The Challenge: We want to be happy all the time and want to avoid feeling bad.
The Science: Feeling down ain’t so bad! There’s an upside to negative emotions!
The Solution: With increased awareness, both good and bad feelings can improve your life.
I think it’s safe to say that we all generally want the same thing. To be happy. And why wouldn’t we? Positive emotions motivate us to pursue important goals, savor experiences, buffer ourselves against stress, and maintain vital social bonds. But can these positive emotions also be a source of dysfunction? Can feeling good sometimes be bad?
Why we want to be happy
Aristotle said that: “happiness is the meaning and the purpose of life, the whole aim and end of human existence.” And for good reason.
Scientists are only now beginning to catch up to Aristotle’s early observations about the human condition. Recent findings point to the benefits of positive feelings: they motivate us to pursue goals, broaden our scope of attention, buffer against the effects of stress, and even stave off illness. Further benefits of experiencing and promoting feelings centered on the well-being of others, such as compassion and gratitude, demonstrate robust benefits for our social relationships and even neural health.
So it seems, for all intents and purposes, we should want to feel happiness and its related varieties of positivity, correct? Not so fast.
Too much of a good thing?
Although critical, this wave of interest in positive emotions like happiness is not the only side of the story. A second side to understanding the science of happiness has emerged. Positive feelings may not always be good for us. For example, experiencing happiness out of balance or in an extreme degree. Heightened positive feelings may lead us to feel less inhibited and more likely to explore new possibilities and take risks.
One study found that healthy adults who reported experiencing heightened positive emotion engaged in greater risk-taking behaviors, such as excessive alcohol consumption, binge eating, and unsafe sexual activity (Gruber, Mauss, & Tamir, 2011). So it seems that happiness is best experienced in moderation – not too little, but also not too much.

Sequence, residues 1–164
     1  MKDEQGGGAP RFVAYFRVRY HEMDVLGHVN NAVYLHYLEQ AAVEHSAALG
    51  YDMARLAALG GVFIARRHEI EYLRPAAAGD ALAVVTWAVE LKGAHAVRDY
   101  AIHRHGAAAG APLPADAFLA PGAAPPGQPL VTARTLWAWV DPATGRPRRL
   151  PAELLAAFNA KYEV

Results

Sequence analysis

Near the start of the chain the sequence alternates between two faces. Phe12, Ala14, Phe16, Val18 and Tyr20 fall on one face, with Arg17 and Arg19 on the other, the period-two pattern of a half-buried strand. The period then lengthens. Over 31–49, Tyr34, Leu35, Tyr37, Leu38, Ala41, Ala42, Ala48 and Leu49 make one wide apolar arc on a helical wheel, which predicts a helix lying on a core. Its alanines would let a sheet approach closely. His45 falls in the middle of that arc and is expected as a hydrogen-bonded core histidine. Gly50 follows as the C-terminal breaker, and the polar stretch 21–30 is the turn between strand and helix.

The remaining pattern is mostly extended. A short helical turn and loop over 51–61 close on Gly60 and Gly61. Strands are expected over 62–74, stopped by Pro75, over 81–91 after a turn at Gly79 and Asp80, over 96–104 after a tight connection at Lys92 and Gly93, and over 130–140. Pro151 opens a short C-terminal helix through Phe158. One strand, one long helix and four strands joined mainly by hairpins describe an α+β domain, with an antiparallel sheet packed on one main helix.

Another line of work suggests that happiness—and related positive emotions—may not be suited to every situation. Our emotions serve important functions. Anger mobilizes us to overcome obstacles; fear alerts us to threats, and sadness signals loss. Happiness helps us pursue and attain important goals, as well as facilitates cooperative and collaborative behaviors.
Furthermore, individuals who self-report happiness in inappropriate contexts – such as viewing sad images, including death, or disgusting images, including scenes of contamination – are at greater risk for the subsequent development of mood disorders (Gruber et al., 2008). In sum, happiness has a time and a place and is not always suited for every situation.
The downside to the pursuit of happiness
When considering this other “darker” side of happiness, it is also important not to forget to focus on the many ways that we can cultivate or nurture healthy, positive emotionality in our lives. Recent scientific discoveries have found that happiness should not always be desired. In fact, striving for happiness may actually cause more harm than good.
This paradoxical effect is explained by psychologist Iris Mauss, who showed that the more people strive for happiness, the more likely they will set a high standard for happiness that will result in disappointment when it is not met (Mauss et al., 2011; 2012). These findings demonstrate that the pursuit of happiness can actually have negative effects on individual well-being.
So, where does this leave us?
In some ways, these findings are not so surprising after all. We know that there are usually two sides to every story for most experiences in life. By opening ourselves to seeing another potential side of happiness – and understanding it has both benefits and, at times, negative consequences (Gruber & Moskowitz, 2014)– we position ourselves to understand it more deeply and learn how to harness it effectively to promote healthier and more balanced lives. Indeed, the field is now ripe to consider not just the benefits but also the costs of positive emotion.